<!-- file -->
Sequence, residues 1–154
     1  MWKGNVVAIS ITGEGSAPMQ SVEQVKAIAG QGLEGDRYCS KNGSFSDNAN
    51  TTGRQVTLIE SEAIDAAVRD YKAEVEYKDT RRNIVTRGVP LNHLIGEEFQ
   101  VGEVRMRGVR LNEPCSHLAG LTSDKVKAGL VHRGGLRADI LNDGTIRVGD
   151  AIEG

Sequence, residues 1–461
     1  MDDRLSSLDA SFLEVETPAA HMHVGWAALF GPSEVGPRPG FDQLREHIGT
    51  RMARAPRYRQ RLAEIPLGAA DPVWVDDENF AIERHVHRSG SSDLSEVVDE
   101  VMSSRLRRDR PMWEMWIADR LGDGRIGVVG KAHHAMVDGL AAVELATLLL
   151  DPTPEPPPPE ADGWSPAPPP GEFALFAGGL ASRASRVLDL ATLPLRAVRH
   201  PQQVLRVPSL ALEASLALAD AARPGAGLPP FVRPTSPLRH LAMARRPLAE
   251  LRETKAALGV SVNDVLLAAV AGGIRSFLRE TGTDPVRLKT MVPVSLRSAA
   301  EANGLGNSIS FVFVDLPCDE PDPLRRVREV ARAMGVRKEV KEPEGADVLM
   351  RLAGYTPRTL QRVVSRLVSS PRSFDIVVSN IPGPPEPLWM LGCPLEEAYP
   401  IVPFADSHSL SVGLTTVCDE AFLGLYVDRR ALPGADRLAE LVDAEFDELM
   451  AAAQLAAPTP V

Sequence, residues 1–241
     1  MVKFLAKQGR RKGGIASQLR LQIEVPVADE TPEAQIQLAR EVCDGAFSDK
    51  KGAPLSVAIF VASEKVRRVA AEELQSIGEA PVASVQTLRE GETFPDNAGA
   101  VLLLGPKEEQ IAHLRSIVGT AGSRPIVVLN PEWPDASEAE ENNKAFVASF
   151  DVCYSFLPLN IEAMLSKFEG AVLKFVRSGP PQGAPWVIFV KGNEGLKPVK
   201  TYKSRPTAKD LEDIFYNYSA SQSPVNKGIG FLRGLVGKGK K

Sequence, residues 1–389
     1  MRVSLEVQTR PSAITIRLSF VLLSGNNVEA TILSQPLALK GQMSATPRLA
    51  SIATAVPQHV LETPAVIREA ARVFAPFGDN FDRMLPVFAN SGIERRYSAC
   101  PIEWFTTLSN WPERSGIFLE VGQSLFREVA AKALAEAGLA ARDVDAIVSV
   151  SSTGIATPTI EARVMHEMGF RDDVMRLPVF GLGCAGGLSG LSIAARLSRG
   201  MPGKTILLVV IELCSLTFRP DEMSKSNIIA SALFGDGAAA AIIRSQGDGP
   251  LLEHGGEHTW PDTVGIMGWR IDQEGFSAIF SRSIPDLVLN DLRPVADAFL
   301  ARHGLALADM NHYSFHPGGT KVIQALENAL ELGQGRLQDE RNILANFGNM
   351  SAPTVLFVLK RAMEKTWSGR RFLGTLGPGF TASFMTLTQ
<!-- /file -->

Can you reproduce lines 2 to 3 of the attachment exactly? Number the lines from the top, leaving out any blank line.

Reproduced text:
     1  MWKGNVVAIS ITGEGSAPMQ SVEQVKAIAG QGLEGDRYCS KNGSFSDNAN
    51  TTGRQVTLIE SEAIDAAVRD YKAEVEYKDT RRNIVTRGVP LNHLIGEEFQ